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Tip: Don't be afraid to cut features!
by David Maletz on 01/13/16 01:11:00 pm   Featured Blogs

The following blog post, unless otherwise noted, was written by a member of Gamasutra’s community.
The thoughts and opinions expressed are those of the writer and not Gamasutra or its parent company.

 

We're all familiar with feature bloat. You think of a great new idea that just has to be added. Or after receiving feedback, you come up with an over-complicated way to resolve issues mentioned. The fact of the matter is, games tend to get bigger over time.

The worst scenario: you start developing a new feature, you put work into it, and then you realize that finishing the feature will be a LOT more work than you expected. You feel stuck because you don't want to waste the work you've already done, but also don't feel capable of completing everything you added.

It's easy for this to happen - and all too easy to add new features. What's a lot harder is really looking at the design and deciding where and when it is time to cut something. You worry about crippling the design, and if the rest of the systems will work properly without those elements. But it can be done, and can actually make the game more streamlined (and probably better).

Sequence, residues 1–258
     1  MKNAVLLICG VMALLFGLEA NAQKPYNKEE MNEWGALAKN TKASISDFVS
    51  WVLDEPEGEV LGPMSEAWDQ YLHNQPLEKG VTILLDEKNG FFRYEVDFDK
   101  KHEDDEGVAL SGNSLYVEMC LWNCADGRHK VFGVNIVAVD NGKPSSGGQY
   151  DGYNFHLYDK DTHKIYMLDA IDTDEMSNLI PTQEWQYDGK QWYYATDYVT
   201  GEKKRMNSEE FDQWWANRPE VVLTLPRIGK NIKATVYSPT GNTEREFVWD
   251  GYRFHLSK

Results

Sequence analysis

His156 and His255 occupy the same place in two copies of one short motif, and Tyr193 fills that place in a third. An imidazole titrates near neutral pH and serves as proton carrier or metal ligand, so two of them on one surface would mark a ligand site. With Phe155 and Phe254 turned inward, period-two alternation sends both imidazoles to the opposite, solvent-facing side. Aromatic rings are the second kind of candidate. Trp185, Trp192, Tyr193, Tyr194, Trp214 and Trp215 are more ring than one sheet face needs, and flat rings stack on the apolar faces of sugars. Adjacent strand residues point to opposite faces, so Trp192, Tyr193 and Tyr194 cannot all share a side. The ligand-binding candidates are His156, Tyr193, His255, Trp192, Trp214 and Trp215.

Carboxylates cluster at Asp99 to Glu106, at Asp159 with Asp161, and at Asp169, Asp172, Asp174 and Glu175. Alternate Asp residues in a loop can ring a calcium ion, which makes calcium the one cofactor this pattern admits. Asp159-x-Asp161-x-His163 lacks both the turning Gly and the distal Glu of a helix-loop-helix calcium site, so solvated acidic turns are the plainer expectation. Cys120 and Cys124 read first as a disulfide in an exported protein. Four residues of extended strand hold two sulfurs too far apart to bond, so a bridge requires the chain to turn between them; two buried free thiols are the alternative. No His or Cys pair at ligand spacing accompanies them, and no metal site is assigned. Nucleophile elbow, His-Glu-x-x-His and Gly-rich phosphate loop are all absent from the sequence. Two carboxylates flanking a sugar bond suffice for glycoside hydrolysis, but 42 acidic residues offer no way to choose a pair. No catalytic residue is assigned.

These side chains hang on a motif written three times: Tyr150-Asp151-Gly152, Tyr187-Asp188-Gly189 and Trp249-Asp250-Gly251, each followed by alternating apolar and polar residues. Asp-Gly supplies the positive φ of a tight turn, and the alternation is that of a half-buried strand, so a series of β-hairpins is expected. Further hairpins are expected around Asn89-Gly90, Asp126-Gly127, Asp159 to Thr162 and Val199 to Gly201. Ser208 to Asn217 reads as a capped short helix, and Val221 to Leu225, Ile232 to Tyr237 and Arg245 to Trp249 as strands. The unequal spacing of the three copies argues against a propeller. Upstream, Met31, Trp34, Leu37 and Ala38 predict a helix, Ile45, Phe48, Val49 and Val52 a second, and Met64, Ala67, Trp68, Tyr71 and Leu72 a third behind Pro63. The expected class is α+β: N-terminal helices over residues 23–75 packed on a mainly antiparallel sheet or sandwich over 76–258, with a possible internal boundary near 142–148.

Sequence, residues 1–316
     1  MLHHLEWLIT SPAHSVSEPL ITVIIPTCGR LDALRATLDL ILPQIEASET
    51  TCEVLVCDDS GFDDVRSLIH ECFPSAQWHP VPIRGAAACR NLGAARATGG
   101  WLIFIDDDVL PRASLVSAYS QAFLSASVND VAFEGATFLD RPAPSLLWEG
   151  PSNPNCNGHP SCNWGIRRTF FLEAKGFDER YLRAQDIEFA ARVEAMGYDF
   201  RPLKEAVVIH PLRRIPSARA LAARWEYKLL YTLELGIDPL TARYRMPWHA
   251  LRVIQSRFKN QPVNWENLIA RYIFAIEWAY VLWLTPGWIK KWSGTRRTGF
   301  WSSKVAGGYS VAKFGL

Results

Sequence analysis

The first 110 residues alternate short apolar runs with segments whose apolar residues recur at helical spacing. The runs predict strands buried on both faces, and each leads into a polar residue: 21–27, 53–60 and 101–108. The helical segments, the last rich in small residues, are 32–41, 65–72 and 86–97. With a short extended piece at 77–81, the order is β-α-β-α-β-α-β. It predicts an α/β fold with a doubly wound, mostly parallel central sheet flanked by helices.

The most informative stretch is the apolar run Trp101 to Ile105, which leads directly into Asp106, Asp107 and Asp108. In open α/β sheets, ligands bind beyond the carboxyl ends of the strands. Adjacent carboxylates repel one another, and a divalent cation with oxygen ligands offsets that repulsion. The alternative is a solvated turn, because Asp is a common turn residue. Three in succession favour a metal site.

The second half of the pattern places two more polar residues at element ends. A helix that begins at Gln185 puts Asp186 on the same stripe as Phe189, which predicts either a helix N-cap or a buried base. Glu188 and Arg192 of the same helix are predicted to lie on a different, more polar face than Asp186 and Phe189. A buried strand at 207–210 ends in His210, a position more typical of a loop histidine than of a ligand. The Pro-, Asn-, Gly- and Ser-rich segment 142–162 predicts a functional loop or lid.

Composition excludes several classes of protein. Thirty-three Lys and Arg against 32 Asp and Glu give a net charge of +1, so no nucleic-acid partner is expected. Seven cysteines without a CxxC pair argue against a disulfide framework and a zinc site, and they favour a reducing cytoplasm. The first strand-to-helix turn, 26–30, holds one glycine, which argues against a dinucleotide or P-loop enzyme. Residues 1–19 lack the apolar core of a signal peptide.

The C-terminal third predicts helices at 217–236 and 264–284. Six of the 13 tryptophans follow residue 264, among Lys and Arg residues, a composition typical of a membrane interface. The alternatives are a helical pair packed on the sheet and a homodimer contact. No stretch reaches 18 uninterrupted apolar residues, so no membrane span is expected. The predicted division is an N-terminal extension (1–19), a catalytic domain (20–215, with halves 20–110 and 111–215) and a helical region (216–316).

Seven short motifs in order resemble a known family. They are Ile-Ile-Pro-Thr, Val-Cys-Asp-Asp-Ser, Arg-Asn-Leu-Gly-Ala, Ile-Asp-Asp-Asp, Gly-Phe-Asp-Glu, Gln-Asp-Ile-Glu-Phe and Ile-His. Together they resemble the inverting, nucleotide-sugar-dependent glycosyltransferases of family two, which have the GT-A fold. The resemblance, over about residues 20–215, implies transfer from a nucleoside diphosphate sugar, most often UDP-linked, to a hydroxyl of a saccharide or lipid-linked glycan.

I recently made a tough feature cut - I cut out a component system which allowed customization and interesting design choices for ships in a fleet-management game. We had a decent amount of progress on the system, but I realized that it would end up adding a lot of complexity to other systems and the user interface. It was definitely an interesting feature - but at the end of the day the game was about managing a fleet of ships - not micromanaging individual ships. Having one fixed action (build, repair, attack, etc) and fixed capabilities per ship is not only a lot easier to code, but also a lot clearer for the player, who doesn't have time for much micromanagement.


Wait... I have to keep track of all of these components for every ship?!?

Keeping in mind what the core of the game actually is, and how different features add and subtract to that gameplay, will definitely help curb feature bloat and keep your project focused. However, we all make mistakes, and when you realize you've made a mistake, know that it's okay to make a cut even if it means trashing work that you (and other team members) have worked on. It may end up saving you a lot in the long run (and make the game better as a nice side effect).


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